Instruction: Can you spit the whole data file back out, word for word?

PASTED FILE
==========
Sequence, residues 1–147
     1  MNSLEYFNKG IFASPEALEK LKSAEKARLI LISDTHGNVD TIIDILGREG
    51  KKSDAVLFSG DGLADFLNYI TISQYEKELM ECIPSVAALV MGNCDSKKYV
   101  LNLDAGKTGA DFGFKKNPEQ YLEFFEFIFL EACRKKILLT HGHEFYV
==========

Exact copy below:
Sequence, residues 1–147
     1  MNSLEYFNKG IFASPEALEK LKSAEKARLI LISDTHGNVD TIIDILGREG
    51  KKSDAVLFSG DGLADFLNYI TISQYEKELM ECIPSVAALV MGNCDSKKYV
   101  LNLDAGKTGA DFGFKKNPEQ YLEFFEFIFL EACRKKILLT HGHEFYV